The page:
Lisa Ciota
President/Founder
Lead-IR Advisors, Inc.


[1] Statistica, Number of IPOs in the U.S. since 1999

[2] PwC, Thomson Reuters, MoneyTree Report, January 2018

[3] Doidge, Craig and Kahle, Kathleen M. and Karolyi, George Andrew and Stulz, René M., Eclipse of the Public Corporation or Eclipse of the Public Markets? (Working paper – January 2018). Available at SSRN: https://ssrn.com/abstract=3100255

[4] Federal Reserve’s 2016 Survey of Consumer Finance

Block by Block

You know it’s a bubble when mainstream news media run stories about bitcoin profits paying for a wedding.  But, in all the cryptocurrencies hoopla, what is often overlooked is the blockchain technology underlying it.

What is blockchain? It’s a distributed ledger, or database, that captures transaction data across a public or private network with each node in the network holding an exact copy.  The data is encrypted as a “block,” “chained” to the records before and after it and is viewable by others in the network.  Further, it cannot be altered retroactively without impacting all subsequent data and raising red flags or requiring approval from the network.  The blockchain ledger can also include “smart contracts,” programmed conditions that can be automatically triggered if certain criteria are met.

Basically, blockchain is a sophisticated database technology.  It has a myriad of potential uses, some disruptive, others not so much.  Its core advantage is it enables information to be verified and value to be exchanged and recorded on a ledger without third-party authentication, thereby eliminating the need for intermediaries.

On the surface, it sounds like the capital markets are ripe for blockchain technology.  But, the reality is more complex.  There are legal-, regulatory-, and governance-related questions as well as practical matters with no easy answers.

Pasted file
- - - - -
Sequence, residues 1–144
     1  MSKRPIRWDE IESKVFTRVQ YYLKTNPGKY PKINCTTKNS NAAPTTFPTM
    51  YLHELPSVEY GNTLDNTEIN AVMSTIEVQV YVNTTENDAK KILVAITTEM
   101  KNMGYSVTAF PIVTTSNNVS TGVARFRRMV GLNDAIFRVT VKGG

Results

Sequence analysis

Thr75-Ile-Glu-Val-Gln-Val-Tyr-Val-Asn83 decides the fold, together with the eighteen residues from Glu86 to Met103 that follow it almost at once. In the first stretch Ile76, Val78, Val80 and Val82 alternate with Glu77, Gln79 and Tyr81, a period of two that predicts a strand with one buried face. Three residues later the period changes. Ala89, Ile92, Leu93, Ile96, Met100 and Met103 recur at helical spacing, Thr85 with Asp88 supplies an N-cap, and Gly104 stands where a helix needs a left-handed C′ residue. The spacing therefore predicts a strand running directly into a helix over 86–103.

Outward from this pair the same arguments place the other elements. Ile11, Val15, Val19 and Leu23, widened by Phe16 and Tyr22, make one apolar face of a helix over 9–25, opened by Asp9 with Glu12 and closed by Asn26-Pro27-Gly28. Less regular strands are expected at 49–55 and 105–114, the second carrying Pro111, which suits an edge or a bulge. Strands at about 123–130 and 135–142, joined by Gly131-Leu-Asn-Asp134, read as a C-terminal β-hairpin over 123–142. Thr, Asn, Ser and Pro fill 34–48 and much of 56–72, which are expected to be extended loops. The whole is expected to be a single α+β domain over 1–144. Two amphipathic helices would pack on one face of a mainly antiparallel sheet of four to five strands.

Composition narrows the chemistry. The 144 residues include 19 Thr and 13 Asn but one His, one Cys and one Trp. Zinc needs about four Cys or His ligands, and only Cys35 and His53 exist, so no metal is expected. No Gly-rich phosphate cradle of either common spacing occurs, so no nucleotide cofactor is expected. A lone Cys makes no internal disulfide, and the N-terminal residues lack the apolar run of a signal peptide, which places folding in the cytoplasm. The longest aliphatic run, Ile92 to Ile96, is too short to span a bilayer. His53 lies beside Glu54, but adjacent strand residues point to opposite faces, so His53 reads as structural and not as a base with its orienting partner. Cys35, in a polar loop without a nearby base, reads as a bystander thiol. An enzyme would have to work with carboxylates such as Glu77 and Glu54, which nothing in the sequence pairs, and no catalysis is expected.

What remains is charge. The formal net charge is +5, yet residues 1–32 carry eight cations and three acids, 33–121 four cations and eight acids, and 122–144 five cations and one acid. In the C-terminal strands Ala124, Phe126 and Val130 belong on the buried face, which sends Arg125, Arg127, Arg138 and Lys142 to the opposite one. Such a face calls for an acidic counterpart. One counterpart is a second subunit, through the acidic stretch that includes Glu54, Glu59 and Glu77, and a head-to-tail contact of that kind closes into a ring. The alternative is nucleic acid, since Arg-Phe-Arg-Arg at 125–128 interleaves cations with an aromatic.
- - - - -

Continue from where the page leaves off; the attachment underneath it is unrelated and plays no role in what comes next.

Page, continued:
Probably the largest non-starter is blockchain in its current iteration cannot enable efficient price discovery.  Nor can it handle the trading speed and volume exchanges do today.

Utilizing blockchain for back-office processes like clearing, depositary, custody and recordkeeping services is a potentially big opportunity.  Private blockchains can help consolidate multiple internal ledgers to make trade settlement more efficient. However, to maximize the technology’s effectiveness, the industry will need to establish uniform standards, processes and interfaces between and amongst the entities involved.  Since this will involve brokers, clearing houses, depositories, etc., sharing and enabling access to internal data and systems, there is understandable trepidation.  Today, there is minimal industry-wide dialogue on what the governance of a blockchain environment should look like.

Other hurdles to wider use of blockchain are legal and regulatory.  A key conundrum is does the digitization of assets (as it would in blockchain environment) change the rights, privileges and responsibilities of asset ownership.  For example, what happens to digital assets in a corporate bankruptcy? What about state escheatment laws? What happens if an asset holder forgets the secure key code to their digital wallet (in the current blockchain environment no one can unlock a digital wallet or change the key code)?  The S.E.C., Delaware and other states have and are exploring such issues, all of which are solvable, but it’s not a simple process.

So, you can exhale.  Blockchain may be coming but its adoption in the capital markets will initially be slow.  There’s still a lot to be learned from the pilots currently in place such as Broadridge’s use of blockchain for proxy voting and Overstock.com’s Series A preferred stock which trades in the over-the-counter market.  It will be interesting to watch.

Lisa Ciota
President/Founder
Lead-IR Advisors, Inc.